Structure-borne sound is sound that propagates in a solid . This includes phenomena as diverse as vibrations and earthquakes , the transmission of vibrations in buildings, vehicles, machines, etc. or the ultrasonic waves used for material testing .
In addition to normal stresses, a solid can also absorb shear stresses . That is why two different types of structure-borne sound waves can propagate in solids, which propagate independently of one another:
The speed of sound is influenced by
- the density
- the hardness of the sound
- the Poisson's ratio
- the modulus of elasticity (longitudinal waves) and the shear modulus (transverse waves):
The propagation of sound in thin components such as panels and beams is of interest for technical applications . These components are limited solid bodies with a surface free of shear stress. This leads to the coupling of longitudinal and transverse waves, which creates other types of structure-borne sound waves.
The most important are the type of wave bending waves in which bending - deformations occur. The speed of sound of these waves is significantly lower than that of the longitudinal and transverse waves and it is frequency- dependent ( dispersion ). On the other hand, bending waves usually transport significantly more sound energy than longitudinal or transverse waves, and they are also the main cause of airborne sound being emitted .
An exception is structure- borne sound transmitted into the cranial bones , which can be perceived directly by the inner ear ( bone conduction ). This mechanism does not depend on the functioning of the middle ear . This is in bone conduction hearing aids and for the diagnosis in sound conduction disorders used.
Pickups on musical instruments
Contact microphones, structure-borne sound microphones or structure-borne sound pickups for musical instruments are acceleration sensors which usually use the piezoelectric effect to convert the acceleration into electrical signals. The sensors work in the frequency range that can be perceived by humans and are mounted on the surface of the instrument. This means that the structure-borne noise of an instrument is recorded where the surface is accelerated. The signal of an instrument picked up with a contact microphone can be very similar to the signal of a microphone, which picks up the airborne sound. To do this, it must be placed on the instrument in a suitable area.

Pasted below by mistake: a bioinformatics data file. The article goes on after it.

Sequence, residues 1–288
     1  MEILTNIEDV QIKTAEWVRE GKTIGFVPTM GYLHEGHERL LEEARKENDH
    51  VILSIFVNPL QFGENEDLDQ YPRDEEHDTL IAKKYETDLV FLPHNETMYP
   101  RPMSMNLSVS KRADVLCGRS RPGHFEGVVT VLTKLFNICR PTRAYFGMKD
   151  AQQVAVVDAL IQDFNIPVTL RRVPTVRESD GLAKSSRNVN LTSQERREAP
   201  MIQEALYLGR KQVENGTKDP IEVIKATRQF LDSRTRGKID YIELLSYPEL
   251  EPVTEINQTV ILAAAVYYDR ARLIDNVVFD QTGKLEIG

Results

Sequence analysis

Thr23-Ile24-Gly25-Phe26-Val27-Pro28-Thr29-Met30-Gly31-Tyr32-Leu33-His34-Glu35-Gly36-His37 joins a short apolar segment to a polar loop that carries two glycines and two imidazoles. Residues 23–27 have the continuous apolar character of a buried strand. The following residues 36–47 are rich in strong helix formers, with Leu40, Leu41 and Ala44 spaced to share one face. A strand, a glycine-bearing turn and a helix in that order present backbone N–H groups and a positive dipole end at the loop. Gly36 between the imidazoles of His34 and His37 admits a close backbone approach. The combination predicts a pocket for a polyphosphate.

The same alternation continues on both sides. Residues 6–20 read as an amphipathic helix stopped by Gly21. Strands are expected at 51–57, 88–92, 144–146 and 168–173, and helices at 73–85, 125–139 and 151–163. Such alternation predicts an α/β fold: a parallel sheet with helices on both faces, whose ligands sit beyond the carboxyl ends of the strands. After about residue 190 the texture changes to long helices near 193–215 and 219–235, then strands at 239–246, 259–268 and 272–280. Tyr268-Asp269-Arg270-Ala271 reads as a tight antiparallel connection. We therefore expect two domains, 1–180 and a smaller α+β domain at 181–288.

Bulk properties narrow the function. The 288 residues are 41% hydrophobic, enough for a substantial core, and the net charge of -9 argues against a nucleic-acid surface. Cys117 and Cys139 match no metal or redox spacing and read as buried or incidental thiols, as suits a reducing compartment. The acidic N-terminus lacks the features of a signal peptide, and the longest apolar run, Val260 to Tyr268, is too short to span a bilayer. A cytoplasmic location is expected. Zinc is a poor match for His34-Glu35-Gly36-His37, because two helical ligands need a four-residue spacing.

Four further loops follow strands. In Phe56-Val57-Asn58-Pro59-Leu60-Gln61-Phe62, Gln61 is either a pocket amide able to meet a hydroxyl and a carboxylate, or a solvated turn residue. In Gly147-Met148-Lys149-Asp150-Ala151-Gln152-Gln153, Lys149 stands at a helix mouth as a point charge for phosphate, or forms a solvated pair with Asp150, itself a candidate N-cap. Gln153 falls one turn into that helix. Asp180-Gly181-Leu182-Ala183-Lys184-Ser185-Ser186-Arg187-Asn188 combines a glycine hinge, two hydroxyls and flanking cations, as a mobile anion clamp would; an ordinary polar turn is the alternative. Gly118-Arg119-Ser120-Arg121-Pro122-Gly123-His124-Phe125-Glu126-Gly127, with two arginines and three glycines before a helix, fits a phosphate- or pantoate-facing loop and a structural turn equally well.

The surface vibrations of individual parts of an instrument (soundboard, eardrum, body, etc.) can clearly differ audibly, although they come from the same instrument.
The greatest advantage of contact microphones, for the purpose of recording close to airborne sound, is that there is usually less feedback and crosstalk.
The recording and analysis of structure-borne noise plays a major role in technology. The acoustic properties of motor vehicles or the technical condition (wear of bearings, critical conditions during machining) of machines and generators can be checked.
Furthermore, crack formation and material failure can be registered. One example of this are break-in sensors on window panes. The pickups used for this work, as with musical instruments, on the basis of the piezoelectric effect ( piezo effect ). The evaluation of the electrical signals obtained includes the finding of characteristic frequency components and sound amplitudes.
Mechanical clocks can be checked and adjusted on the timing machine with a structure-borne sound sensor.
In principle, seismometers also register structure-borne noise, but with longer wavelengths. With the help of natural or artificial seismic events, one is able to determine the location and type of the events as well as to carry out investigations of the earth's interior. The basis for this is the different propagation speed of the longitudinal and transverse waves as well as their reflection and diffraction on layer structures.